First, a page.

Point of Focus: Last Chance Grade, What's New and What's Being Done?

Jan 2, 2018

KHSU is now featuring a monthly news report called Point of Focus, which examines local news, politics and views from across California’s Northern Coast And the Southern Coast of Oregon. The report is set to take place once a month during Morning Edition at 6:51 a.m. 

Construction on Last Chance Grade in 2017.
Credit Caltrans District 1

This month's topic is Last Chance Grade.

The stretch of Highway 101 is just south of Crescent City and the area surrounding this particular part of the highway is notorious for landslide activity since its inception in the late 1800s and it's highway construction in the 1930s. Not only has it prompted concern from Del Norte County residents, but it has also caught the attention of state and national agencies.

Charlotte Svolos, the secretary of the Del Norte Central Committee said the fact that there are so many landslides and that we’re heading into the rainy season could be dangerous for anyone driving through Last Chance Grade.

"Last Chance Grade is a known unstable area. It could happen any day. The reason that they're even at the investigation stage that they're at is because they recognize that it is a threat and that the Band-Aid fixes are costing millions of dollars a year just to keep it at the level that it is now," she said. 

Svolos is referring to fixes the California Department of Transportation and the Federal Highway Administration along with several stakeholders have been overseeing. The area in itself has seen hundreds of landslides, including an active one that started in November 2016.

"Because if that mountain falls down and people and children are on it when that happens, there could be incredible loss of life," Svolos said. 

However, Jaime Matteoli, a projects manager at Caltrans District 1, says safety is the main priority when it comes to monitoring Last Chance Grade.

“Caltrans is committed to finding a long term solution to the movement of last chance grade and Caltrans is doing everything we can to find that funding. It’s important for folks to know that this is a very difficult project to find funding for to fully fund, because of the scale of the project and because of the type of work. There’s no good program that currently has the funds and is set up to do this sort of work on this sort of scale," Matteoli said.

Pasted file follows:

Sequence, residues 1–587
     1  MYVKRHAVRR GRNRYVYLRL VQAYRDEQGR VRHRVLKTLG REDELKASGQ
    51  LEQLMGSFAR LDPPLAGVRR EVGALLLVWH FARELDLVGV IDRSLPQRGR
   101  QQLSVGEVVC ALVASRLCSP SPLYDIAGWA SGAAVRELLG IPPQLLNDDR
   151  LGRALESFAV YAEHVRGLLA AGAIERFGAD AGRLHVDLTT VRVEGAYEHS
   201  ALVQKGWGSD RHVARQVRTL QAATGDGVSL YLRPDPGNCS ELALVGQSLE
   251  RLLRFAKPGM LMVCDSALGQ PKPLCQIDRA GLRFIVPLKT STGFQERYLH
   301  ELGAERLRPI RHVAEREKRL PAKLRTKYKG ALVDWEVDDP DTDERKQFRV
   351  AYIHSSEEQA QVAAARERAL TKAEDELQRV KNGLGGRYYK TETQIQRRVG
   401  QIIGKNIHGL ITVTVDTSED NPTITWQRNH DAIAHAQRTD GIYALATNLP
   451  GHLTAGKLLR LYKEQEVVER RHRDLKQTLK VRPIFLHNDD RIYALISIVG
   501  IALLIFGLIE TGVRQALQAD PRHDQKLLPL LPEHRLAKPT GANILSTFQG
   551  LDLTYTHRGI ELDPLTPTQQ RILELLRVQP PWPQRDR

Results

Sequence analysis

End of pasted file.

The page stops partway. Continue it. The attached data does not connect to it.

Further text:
In total he estimated a project like Last Chance Grade would cost upwards up to $300 million dollars to complete and that doesn’t include the cost of labor, or the chances of more landslide activity and weather interference. 

"We have the funds in place and the programs in place and the measures in place to keep the roads safe and to do any necessary repairs and monitor the road for the long term," Matteoli said and also added that if a major slide or road closure were to occur that they'd have a contractor and crews on site and the road would reopen in days, if not weeks. 

As of right now there are 7 alternative projects that Caltrans is considering as a permanent fix, one that maintains the existing alignment of the road, and six that require constructing additional routes. Before one project is chosen, Caltrans must start the environmental reviews of Last Chance Grade which also cost millions of dollars.

Aerial photo of Last Chance Grade.
Credit Caltrans District 1

Last Chance Grade stakeholders include political, tribal, regional and environmental organizations. Additionally, in March 2017, Congressman Jared Huffman visited the site and stated that a major road failure not only poses a serious safety risk but also threatened the regional economy. He continued to say that stakeholders are looking closely at what type of project is appropriate to fix the ongoing problem and also addressed tribal and environmental issues that would likely accompany any project. At the same time, a Caltrans study found a massive failure at Last Chance Grade cold cost the region $130 million annually and disrupt emergency transportation, commerce and travel. 

The project faces more obstacles due to the fact that the realignment area that Caltrans is hoping to construct a new road through is part of a UNESCO World Heritage Site, which means any construction or realignment project must also recieve permission from the United Nations. Approval of the funds needed for the environmental reviews is set to become available this summer in 2018.